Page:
This is the text of my introductory remarks for a session called ‘Hot Off The Press: Outdoor Smoking Bans’ at the Battle of Ideas conference, October 18th 2015. Other panellists were Josie Appleton and Dolan Cummings from civil liberties campaigning group The Manifesto Club, and Simon Clark, Director, smoker’s rights group FOREST. Chair: Rob Lyons, Action on Consumer Choice. My remit was to talk about outdoor bans as they afflict sufferers of mental illness within psychiatric wards where outdoor bans are gaining pace.
I don’t think anyone should be forced to give up smoking against their will. I know we are in the middle of ‘Stoptober’, but come on – giving up when you’re in the middle of a mental breakdown is inhuman. I can’t think of a worse time or place to quit.
That’s the way I see it, but public health quangos instead say it’s a prime time to intervene because they have a powerless captive audience.
They really believe they have a duty to treat one’s smoking as if it was a part of your condition, so are demanding a total outdoor ban.
This goal of health is a joke – since the indoor ban came in, cases of self-harm are up 56%. In America, since outdoor bans came in, violence is up 22% and average duration of detention has increased by nearly 90%. This is interpreted by authorities that we are in a ‘mental health epidemic!’, oblivious to the more likely truth that smoking bans are causing bad behaviour.
Furthermore most patients go back to smoking within 5 days of discharge anyway. Some result.
Public Health England think the high rate of smoking amongst the mentally ill is a ‘health inequality’ that must be tackled. The main problem with this is that the old principle of autonomy never gets a look in.
Because they have overlooked autonomy, smoking bans are cruel at a time when the individual is at their most distressed. Smoking is often their only comfort. Also bans inevitably deter smokers from seeking help if they are developing mental illness because the idea of spending time in a clinic is unbearable.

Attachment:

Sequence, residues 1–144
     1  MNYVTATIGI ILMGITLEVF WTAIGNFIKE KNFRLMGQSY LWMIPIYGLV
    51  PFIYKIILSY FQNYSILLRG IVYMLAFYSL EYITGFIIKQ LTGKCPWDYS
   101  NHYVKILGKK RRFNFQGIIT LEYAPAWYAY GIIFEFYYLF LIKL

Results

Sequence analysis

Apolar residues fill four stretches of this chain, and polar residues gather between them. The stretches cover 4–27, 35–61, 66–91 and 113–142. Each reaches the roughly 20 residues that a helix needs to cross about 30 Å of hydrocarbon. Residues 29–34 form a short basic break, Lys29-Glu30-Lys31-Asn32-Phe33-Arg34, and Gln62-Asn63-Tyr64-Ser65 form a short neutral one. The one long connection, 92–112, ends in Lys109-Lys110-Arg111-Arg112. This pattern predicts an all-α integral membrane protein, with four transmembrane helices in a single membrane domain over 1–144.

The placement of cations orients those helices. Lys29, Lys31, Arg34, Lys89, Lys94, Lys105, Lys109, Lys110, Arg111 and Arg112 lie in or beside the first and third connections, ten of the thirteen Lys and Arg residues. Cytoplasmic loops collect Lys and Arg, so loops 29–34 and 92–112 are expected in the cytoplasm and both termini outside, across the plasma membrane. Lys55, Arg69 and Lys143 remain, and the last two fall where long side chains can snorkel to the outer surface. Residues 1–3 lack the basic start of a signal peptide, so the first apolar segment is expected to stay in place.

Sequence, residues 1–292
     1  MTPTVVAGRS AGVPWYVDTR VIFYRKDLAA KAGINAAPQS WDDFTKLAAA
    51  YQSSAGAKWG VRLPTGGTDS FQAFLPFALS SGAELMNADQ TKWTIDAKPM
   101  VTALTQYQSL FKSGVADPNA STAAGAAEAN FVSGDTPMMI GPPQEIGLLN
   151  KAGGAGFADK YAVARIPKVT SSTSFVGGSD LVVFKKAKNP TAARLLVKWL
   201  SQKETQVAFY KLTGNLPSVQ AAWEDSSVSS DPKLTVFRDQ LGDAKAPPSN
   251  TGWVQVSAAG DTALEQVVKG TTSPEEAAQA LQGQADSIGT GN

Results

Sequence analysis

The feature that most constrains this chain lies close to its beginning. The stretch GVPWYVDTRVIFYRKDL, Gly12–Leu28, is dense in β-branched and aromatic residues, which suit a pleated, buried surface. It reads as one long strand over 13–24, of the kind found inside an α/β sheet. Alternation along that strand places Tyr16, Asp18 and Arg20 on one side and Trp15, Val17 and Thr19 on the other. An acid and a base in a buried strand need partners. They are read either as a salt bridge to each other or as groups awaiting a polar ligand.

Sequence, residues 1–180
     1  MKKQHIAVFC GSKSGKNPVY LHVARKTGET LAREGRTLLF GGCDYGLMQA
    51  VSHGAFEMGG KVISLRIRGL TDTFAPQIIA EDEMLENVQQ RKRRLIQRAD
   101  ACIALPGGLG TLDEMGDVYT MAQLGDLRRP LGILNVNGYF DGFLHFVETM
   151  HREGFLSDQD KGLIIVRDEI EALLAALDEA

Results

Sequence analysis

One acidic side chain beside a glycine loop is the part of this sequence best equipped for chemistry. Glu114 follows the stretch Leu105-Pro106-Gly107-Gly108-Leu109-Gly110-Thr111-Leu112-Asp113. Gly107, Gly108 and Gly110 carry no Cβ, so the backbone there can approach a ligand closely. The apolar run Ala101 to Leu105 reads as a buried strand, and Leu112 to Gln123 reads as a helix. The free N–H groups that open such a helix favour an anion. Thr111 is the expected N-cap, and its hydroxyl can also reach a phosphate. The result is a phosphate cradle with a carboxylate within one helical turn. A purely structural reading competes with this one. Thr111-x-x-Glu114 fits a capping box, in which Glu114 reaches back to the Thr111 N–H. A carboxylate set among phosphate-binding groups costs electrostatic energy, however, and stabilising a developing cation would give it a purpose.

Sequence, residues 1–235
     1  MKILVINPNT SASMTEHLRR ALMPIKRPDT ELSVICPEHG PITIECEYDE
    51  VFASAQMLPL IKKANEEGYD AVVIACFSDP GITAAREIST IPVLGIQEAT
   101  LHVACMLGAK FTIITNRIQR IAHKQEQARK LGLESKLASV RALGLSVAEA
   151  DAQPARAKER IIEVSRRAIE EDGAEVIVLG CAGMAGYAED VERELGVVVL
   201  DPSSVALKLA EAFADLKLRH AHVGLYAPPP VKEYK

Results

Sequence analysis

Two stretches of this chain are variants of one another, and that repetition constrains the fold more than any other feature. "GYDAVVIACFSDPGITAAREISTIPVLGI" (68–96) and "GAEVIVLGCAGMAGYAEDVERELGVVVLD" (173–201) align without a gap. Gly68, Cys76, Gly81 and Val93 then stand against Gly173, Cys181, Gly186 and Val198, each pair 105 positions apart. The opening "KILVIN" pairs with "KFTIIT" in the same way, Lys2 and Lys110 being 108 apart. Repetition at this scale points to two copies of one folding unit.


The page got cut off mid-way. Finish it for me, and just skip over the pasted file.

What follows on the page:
Back in 2001 when I was Sectioned after trying to contact Star Trek Voyager’s Seven of Nine, not the actress, the actual character, the care was pretty good back then. You could smoke both in a dedicated room and outdoors. Barriers between patients and staff were also broken down thanks to a shared smoke and their getting your tobacco.
Smoking bans destroy that trust – a nurse confiscating your tobacco upon entrance would appear like a prison guard rather than someone on your side.
The next step will be to replace vending machines that currently sell Coca-Cola and chocolate with one’s that sell only carrot juice and Omega 3 supplements – after all, patients also have a tendency to become obese.
If you were a smoker in hospital for a broken leg, a ban wouldn’t stop your healing. But if we understand mental illness as a breakdown in reason and autonomous functioning, then smoking bans do prevent full recovery by cementing the patient’s lack of self-control.
One of the first clinics to ban smoking was Islington. They said “We are filling the void with activities like dance”.
It seems to me they don’t want patients to regain their humanity but sing like children: “If you’re happy and you know it clap your hands”.
Public health types argue patients will be grateful for the smoking ban, coming out as ‘changed beings’. But really this is like Winston Smith in Orwell’s 1984 after having endured Room 101, he declares “I love Big Brother”.
If we add this all up, then metaphorically speaking, think of the treatment endured by Jack Nicholson’s character in One Flew Over The Cuckoo’s Nest. In that film, after massive electricity is applied to his brain, he emerges as a grinning blob who has been lobotomised. We should wonder why today’s public health managers want to replicate that.